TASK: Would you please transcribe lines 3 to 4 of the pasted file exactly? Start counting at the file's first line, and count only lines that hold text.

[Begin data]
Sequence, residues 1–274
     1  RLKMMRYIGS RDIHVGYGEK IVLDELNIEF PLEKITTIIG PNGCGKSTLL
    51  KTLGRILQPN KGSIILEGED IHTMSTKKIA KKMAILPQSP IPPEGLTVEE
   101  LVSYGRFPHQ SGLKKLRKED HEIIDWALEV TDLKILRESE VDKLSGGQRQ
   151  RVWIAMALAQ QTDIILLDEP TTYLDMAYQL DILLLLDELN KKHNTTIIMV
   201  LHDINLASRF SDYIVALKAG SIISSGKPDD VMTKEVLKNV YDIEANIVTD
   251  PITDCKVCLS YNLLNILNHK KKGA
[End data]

    51  KTLGRILQPN KGSIILEGED IHTMSTKKIA KKMAILPQSP IPPEGLTVEE
   101  LVSYGRFPHQ SGLKKLRKED HEIIDWALEV TDLKILRESE VDKLSGGQRQ